Commit c6b4fcba authored by Joe Thornber's avatar Joe Thornber Committed by Alasdair G Kergon

dm: add cache target

Add a target that allows a fast device such as an SSD to be used as a
cache for a slower device such as a disk.

A plug-in architecture was chosen so that the decisions about which data
to migrate and when are delegated to interchangeable tunable policy
modules.  The first general purpose module we have developed, called
"mq" (multiqueue), follows in the next patch.  Other modules are
under development.
Signed-off-by: default avatarJoe Thornber <>
Signed-off-by: default avatarHeinz Mauelshagen <>
Signed-off-by: default avatarMike Snitzer <>
Signed-off-by: default avatarAlasdair G Kergon <>
parent 7a87edfe
dm-cache is a device mapper target written by Joe Thornber, Heinz
Mauelshagen, and Mike Snitzer.
It aims to improve performance of a block device (eg, a spindle) by
dynamically migrating some of its data to a faster, smaller device
(eg, an SSD).
This device-mapper solution allows us to insert this caching at
different levels of the dm stack, for instance above the data device for
a thin-provisioning pool. Caching solutions that are integrated more
closely with the virtual memory system should give better performance.
The target reuses the metadata library used in the thin-provisioning
The decision as to what data to migrate and when is left to a plug-in
policy module. Several of these have been written as we experiment,
and we hope other people will contribute others for specific io
scenarios (eg. a vm image server).
Migration - Movement of the primary copy of a logical block from one
device to the other.
Promotion - Migration from slow device to fast device.
Demotion - Migration from fast device to slow device.
The origin device always contains a copy of the logical block, which
may be out of date or kept in sync with the copy on the cache device
(depending on policy).
The target is constructed by passing three devices to it (along with
other parameters detailed later):
1. An origin device - the big, slow one.
2. A cache device - the small, fast one.
3. A small metadata device - records which blocks are in the cache,
which are dirty, and extra hints for use by the policy object.
This information could be put on the cache device, but having it
separate allows the volume manager to configure it differently,
e.g. as a mirror for extra robustness.
Fixed block size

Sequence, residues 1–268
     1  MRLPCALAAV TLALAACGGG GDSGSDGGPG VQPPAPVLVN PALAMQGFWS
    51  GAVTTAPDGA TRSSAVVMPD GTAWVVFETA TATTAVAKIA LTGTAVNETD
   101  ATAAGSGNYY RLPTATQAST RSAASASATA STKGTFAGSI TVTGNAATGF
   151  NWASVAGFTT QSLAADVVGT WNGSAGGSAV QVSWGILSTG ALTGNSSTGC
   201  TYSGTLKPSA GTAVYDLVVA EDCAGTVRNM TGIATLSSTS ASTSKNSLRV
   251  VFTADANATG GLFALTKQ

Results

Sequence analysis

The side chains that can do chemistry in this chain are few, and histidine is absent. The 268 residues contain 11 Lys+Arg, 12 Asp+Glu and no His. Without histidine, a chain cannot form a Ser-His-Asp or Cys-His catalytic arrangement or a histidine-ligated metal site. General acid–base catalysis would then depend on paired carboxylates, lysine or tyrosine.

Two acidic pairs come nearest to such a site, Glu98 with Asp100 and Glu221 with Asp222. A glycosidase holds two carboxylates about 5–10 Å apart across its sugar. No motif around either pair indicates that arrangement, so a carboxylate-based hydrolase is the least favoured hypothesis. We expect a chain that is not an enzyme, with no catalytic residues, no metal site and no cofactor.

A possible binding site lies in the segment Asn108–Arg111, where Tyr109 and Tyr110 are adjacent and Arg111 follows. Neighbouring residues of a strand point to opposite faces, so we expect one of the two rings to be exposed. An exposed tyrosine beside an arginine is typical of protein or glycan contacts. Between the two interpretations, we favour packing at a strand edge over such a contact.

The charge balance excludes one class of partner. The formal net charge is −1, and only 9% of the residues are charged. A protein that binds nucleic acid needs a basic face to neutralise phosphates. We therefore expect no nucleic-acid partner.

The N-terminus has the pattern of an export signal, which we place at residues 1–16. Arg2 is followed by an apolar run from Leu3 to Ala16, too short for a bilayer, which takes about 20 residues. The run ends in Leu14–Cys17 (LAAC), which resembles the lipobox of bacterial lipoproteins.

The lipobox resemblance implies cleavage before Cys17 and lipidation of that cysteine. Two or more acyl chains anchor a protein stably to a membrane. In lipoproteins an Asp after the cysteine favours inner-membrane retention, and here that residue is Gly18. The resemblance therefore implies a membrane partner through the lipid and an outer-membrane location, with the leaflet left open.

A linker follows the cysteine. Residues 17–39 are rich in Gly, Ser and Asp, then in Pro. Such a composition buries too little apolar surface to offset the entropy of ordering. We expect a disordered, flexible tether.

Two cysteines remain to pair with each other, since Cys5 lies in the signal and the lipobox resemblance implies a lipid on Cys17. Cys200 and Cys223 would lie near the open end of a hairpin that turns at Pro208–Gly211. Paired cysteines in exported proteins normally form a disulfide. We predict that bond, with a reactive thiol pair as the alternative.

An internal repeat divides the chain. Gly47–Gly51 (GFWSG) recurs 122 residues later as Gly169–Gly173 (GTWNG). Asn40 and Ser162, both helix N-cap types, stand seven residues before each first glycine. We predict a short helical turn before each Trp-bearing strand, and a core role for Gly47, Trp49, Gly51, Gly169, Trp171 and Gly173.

The origin is divided up into blocks of a fixed size. This block size
is configurable when you first create the cache. Typically we've been
using block sizes of 256k - 1024k.
Having a fixed block size simplifies the target a lot. But it is
something of a compromise. For instance, a small part of a block may be
getting hit a lot, yet the whole block will be promoted to the cache.
So large block sizes are bad because they waste cache space. And small
block sizes are bad because they increase the amount of metadata (both
in core and on disk).
The cache has two modes, writeback and writethrough.
If writeback, the default, is selected then a write to a block that is
cached will go only to the cache and the block will be marked dirty in
the metadata.
If writethrough is selected then a write to a cached block will not
complete until it has hit both the origin and cache devices. Clean
blocks should remain clean.
A simple cleaner policy is provided, which will clean (write back) all
dirty blocks in a cache. Useful for decommissioning a cache.
Migration throttling
Migrating data between the origin and cache device uses bandwidth.
The user can set a throttle to prevent more than a certain amount of
migration occuring at any one time. Currently we're not taking any
account of normal io traffic going to the devices. More work needs
doing here to avoid migrating during those peak io moments.
For the time being, a message "migration_threshold <#sectors>"
can be used to set the maximum number of sectors being migrated,
the default being 204800 sectors (or 100MB).
Updating on-disk metadata
On-disk metadata is committed every time a REQ_SYNC or REQ_FUA bio is
written. If no such requests are made then commits will occur every
second. This means the cache behaves like a physical disk that has a
write cache (the same is true of the thin-provisioning target). If
power is lost you may lose some recent writes. The metadata should
always be consistent in spite of any crash.
The 'dirty' state for a cache block changes far too frequently for us
to keep updating it on the fly. So we treat it as a hint. In normal
operation it will be written when the dm device is suspended. If the
system crashes all cache blocks will be assumed dirty when restarted.
Per-block policy hints
Policy plug-ins can store a chunk of data per cache block. It's up to
the policy how big this chunk is, but it should be kept small. Like the
dirty flags this data is lost if there's a crash so a safe fallback
value should always be possible.
For instance, the 'mq' policy, which is currently the default policy,
uses this facility to store the hit count of the cache blocks. If
there's a crash this information will be lost, which means the cache
may be less efficient until those hit counts are regenerated.